3 Answers | Add Yours
I think that you are talking about what happens at the end of Chapter 13. In that passage, Atticus comes to talk to Jem and Scout. It is clear to them that Aunt Alexandra has asked him to do this.
What she wants the kids to do is to be more aware of their place in the social structure of Maycomb. She wants them to act more as if they are important because they come from a good family. Atticus tries to deliver the message, but you can tell his heart isn't in it. He eventually just tells them to forget it -- they should go back to acting how they usually do.
In the novel, there are two major disagreements between Alexandra and Atticus: raising children and race.
When it comes to raising children, Alexandra is much more traditional and conservative (conforming to the norms in society). In particular, she wants Scout to act like a lady. As it stands, Scout is very much a tomboy. This is why Alexandra tries to make Scout wear a dress. She should act like a proper lady and look like one. Atticus does not concern himself with these things. Instead, he wants Scout and Jem to be children. So, he does not impose social constraints on them. The very fact that his children call him Atticus is telling.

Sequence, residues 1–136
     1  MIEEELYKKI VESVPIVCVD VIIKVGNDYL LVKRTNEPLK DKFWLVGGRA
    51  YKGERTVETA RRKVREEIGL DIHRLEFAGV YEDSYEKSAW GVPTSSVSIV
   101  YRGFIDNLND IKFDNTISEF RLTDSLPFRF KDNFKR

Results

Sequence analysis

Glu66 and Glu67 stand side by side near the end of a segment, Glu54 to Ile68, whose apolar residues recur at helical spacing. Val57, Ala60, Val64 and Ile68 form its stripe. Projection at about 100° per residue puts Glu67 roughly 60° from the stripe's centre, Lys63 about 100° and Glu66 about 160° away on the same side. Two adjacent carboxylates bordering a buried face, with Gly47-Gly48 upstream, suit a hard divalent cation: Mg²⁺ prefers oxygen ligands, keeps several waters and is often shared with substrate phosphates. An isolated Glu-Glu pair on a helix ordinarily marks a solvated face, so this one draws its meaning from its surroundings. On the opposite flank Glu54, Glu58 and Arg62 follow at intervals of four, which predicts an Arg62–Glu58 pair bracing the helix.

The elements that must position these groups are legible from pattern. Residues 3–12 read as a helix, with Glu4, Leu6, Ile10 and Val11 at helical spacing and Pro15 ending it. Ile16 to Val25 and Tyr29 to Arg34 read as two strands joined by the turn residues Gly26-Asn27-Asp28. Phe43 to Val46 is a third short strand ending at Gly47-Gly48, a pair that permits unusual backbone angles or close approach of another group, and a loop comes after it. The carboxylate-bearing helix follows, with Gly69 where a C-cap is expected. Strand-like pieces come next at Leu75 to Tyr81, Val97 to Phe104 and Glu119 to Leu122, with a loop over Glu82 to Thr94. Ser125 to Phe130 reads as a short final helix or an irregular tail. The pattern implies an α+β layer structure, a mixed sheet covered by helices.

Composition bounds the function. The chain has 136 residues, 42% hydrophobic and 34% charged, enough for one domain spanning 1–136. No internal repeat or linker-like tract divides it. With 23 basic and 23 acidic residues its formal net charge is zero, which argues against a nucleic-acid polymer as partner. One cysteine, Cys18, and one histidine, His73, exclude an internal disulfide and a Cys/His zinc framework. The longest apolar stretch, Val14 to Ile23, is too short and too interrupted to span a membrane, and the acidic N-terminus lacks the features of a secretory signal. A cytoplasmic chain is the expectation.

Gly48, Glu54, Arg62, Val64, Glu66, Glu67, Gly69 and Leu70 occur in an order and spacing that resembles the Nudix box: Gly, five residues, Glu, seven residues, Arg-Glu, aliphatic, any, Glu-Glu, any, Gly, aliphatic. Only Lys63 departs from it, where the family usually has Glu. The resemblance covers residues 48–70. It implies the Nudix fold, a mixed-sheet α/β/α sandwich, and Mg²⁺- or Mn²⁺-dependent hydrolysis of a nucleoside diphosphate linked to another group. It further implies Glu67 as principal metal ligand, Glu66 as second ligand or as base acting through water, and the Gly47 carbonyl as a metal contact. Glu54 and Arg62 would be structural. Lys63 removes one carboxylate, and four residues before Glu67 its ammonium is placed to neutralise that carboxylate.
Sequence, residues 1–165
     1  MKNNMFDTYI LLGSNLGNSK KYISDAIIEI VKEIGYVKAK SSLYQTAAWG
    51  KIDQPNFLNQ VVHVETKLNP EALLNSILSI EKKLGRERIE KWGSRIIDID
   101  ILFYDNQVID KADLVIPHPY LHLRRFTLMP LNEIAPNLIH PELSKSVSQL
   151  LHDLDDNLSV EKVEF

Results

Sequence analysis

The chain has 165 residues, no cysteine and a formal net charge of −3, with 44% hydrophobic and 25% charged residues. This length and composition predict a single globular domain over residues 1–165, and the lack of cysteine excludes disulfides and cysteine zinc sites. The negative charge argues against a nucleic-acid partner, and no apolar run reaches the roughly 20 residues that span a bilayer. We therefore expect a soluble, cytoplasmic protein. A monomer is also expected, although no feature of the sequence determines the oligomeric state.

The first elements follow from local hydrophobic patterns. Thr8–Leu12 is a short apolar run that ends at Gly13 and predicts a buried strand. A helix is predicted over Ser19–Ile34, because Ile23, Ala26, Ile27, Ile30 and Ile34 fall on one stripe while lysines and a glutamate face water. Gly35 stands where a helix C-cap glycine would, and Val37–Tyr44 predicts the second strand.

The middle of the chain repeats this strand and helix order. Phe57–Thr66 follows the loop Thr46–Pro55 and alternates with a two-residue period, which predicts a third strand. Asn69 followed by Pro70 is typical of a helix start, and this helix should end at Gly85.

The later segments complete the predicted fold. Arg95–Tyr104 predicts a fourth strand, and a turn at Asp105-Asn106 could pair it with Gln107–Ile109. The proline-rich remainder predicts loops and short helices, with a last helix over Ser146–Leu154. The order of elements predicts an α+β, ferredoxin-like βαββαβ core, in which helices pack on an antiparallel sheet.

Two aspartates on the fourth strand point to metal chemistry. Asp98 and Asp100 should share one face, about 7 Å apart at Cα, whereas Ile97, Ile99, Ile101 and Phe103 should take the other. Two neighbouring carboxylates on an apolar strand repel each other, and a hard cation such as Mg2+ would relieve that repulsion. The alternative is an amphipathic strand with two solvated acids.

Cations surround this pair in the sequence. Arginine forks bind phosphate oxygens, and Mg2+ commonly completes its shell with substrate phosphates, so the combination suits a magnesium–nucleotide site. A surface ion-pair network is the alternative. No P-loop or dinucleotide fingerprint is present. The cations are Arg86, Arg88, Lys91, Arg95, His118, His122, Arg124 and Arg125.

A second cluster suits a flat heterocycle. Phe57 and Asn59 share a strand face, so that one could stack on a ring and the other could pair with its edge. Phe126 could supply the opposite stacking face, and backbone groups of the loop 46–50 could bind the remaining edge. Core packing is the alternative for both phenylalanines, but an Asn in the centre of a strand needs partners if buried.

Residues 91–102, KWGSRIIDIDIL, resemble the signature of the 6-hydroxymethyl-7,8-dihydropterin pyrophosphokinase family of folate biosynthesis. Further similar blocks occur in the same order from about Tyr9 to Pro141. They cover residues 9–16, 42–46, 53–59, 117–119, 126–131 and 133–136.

Second, Atticus does not believe in shielding his children from the ugly racism in the world. To a degree he does, but by the end of the book, he allows both Jem and Scout not only to know but also experience the racism in Maycomb. Alexandra would very much like to protect the children. For example, when Atticus talks about race freely in the house, Alexandra is shocked. She says:
"Don't talk like that in front of them... Like that in front of Calpurnia. You said Braxton Underwood despises Negroes right in front of her."
Atticus takes the situation into his own hands and tells Jem and Scout about how their family is highly superior to the rest in Maycomb and Scout and Jem are shocked at the same time a little angered by this
We’ve answered 323,936 questions. We can answer yours, too.Ask a question